The Clinton administration has approved new regulations that are expected to cut air pollution from heavy-duty trucks and buses by more than 90 percent over the next decade.
Attacking one of the major sources of dirty air, the federal standards will require new large trucks and buses to meet stringent tailpipe emission limits and direct refiners to produce virtually sulfur-free diesel fuel.
The rules were announced today by the White House and the Environmental Protection Agency as part of a flurry of regulations being churned out in the last days of the Clinton administration and crafted to head off challenge by an incoming Bush administration.
”Today’s action will dramatically cut harmful air pollution,” EPA Administrator Carol Browner said at a news conference announcing the new rules.
President Clinton, in a statement, said the new emission controls “will prevent not only the thick plumes of diesel exhaust all too familiar to motorists, but also thousands of cases of respiratory illness and premature deaths.”
Republicans Criticize Rules
While President-elect Bush has not expressed any views on the truck rules, some Republicans in Congress have criticized the new sulfur requirements for diesel fuel.
Sen. James Inhofe, R-Okla., has vowed to push legislation that would roll back the diesel rule next year, arguing the requirements could lead to fuel shortages.
Browner said she hoped the incoming Bush administration would not delay the new requirements, which begin to go into effect in 2006.
Environmentalists, who have eagerly awaited the EPA truck and diesel regulations since they were proposed last May, expressed doubt they would be overturned given the widespread public sentiment against trucks belching black smoke from their smokestacks.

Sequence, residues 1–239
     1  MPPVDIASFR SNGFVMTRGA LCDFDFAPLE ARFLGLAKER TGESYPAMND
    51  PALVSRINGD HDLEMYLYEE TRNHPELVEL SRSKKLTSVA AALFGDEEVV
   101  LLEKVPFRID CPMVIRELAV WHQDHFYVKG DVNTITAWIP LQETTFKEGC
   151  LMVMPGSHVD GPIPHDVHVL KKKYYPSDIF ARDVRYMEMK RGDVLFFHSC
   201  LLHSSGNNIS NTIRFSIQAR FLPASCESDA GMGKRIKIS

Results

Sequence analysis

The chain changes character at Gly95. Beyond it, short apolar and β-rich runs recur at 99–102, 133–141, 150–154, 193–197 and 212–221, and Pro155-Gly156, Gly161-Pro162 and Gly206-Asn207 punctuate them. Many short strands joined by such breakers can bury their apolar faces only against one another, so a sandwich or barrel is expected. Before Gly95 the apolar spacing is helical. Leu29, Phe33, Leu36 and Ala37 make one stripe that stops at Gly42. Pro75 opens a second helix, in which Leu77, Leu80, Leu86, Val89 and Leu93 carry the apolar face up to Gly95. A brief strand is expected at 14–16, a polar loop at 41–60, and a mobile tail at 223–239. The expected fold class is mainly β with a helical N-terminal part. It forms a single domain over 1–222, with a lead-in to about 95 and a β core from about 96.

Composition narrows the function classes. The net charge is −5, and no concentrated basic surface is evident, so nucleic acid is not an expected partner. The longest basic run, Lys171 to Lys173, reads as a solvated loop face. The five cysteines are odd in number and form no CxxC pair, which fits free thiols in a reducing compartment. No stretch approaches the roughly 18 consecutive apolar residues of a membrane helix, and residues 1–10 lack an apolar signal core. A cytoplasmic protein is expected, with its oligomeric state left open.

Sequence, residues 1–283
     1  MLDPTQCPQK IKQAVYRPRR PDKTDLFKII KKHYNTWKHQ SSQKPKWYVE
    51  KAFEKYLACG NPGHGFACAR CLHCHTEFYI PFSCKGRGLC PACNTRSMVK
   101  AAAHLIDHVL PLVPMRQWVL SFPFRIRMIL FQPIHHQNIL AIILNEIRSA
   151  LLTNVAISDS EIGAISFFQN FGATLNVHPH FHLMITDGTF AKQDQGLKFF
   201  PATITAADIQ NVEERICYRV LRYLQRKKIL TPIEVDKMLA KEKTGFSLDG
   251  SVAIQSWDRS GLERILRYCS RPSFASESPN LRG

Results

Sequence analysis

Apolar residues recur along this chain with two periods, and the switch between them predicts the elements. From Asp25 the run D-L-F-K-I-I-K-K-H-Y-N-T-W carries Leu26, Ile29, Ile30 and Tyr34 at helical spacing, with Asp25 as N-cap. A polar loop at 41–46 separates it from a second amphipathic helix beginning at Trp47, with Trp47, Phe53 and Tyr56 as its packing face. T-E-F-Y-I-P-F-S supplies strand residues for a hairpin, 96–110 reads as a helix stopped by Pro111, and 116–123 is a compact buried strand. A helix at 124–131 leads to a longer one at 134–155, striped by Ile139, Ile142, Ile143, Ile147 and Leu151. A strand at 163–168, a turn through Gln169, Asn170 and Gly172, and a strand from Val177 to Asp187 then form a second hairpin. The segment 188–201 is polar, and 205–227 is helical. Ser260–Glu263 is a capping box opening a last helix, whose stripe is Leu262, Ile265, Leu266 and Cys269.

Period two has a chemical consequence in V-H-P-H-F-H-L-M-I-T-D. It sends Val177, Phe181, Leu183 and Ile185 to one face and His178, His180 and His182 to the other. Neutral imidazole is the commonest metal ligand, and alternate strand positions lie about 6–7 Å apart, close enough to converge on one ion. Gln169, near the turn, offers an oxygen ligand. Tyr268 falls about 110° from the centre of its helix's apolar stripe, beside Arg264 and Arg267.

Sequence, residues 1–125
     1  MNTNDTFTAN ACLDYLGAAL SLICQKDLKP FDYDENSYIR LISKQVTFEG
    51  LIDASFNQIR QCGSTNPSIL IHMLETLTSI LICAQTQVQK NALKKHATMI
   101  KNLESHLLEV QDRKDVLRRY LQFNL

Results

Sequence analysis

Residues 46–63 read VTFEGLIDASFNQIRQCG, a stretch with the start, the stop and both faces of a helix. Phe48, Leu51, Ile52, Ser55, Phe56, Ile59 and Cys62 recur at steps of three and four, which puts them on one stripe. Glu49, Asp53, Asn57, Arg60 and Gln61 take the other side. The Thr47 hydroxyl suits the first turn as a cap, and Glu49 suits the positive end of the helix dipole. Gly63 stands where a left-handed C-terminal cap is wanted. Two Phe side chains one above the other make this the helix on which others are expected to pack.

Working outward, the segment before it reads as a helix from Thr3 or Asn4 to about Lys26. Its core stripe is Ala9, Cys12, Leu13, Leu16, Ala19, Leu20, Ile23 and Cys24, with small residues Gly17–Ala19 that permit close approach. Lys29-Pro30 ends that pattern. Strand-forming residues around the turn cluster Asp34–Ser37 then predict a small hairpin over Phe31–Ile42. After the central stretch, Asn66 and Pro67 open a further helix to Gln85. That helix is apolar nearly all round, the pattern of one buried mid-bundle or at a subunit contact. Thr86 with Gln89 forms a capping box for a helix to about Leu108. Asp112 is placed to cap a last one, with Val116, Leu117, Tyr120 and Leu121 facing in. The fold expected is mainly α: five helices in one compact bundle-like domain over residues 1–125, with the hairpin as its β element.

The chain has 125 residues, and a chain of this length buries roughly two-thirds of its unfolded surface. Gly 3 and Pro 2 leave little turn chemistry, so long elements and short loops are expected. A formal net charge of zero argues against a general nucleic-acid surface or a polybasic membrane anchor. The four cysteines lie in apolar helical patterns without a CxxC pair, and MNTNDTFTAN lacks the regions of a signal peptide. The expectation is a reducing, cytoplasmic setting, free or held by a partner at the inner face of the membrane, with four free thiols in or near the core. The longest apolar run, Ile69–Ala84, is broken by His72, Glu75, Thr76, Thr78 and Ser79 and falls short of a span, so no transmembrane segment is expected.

“This is the biggest vehicle pollution news since the removal of lead from gasoline,” said Richard Kassel, an attorney for the Natural Resources Defense Council and head of a campaign to reduce truck pollution.
The rules apply to new trucks and replacement truck engines sold beginning in late 2006. It is expected to take at least a decade beyond that for the cleaner trucks to replace most of the current fleet. Still, the pollution reductions eventually will be equal to removing 13 million trucks from the road, according to various estimates.
To meet the more stringent emission standards, heavy-duty trucks will, for the first time, be equipped with pollution controls that capture exhaust chemicals—similar to the catalytic devices that have been required on cars for years.
At the same time, 80 percent of the diesel fuel sold nationwide will have to be virtually sulfur free — on average 15 parts per million of sulfur—by 2006.
All diesel will have to meet the new requirement by 2010.
EPA officials have maintained that the ultra-low sulfur diesel is essential for the new pollution control equipment to work properly.
The new standards anticipate about a 95 percent reduction of smog-causing nitrogen oxide, compared to levels already expected to be achieved from trucks by 2004, and a 90 percent reduction in microscopic soot.
Diesel soot, which has been associated with increased asthma, bronchitis and heart disease, as well as possibly cancer, has been of special concern to health specialists. A recent study at the Johns Hopkins School of Public Health found a link between exposure to microscopic soot and death rates in 20 large cities.
Industry Questions Move
But oil companies and truck engine manufacturers have questioned whether they can meet the EPA’s timetable for both the cleaner truck engines and the fuel.
“These are unprecedented standards,” said Allen Schaeffer, executive director of the Diesel Technology Forum, an industry group. “The kind of levels of reductions that are being talked about are going to require technology that is not commercially available yet.”
The American Petroleum Institute cited a study said the new sulfur requirements would boost diesel prices by at least 15 cents a gallon and cause “a significant risk of [fuel] shortages” by 2007. The EPA has estimated the additional cost at less than 5 cents a gallon with no expected shortages.
The new 15 parts per million sulfur level compares to an average 500 parts per million in today’s fuel. Oil companies have argued that reduction may not be technically possible and urged a cut to 50 parts per million.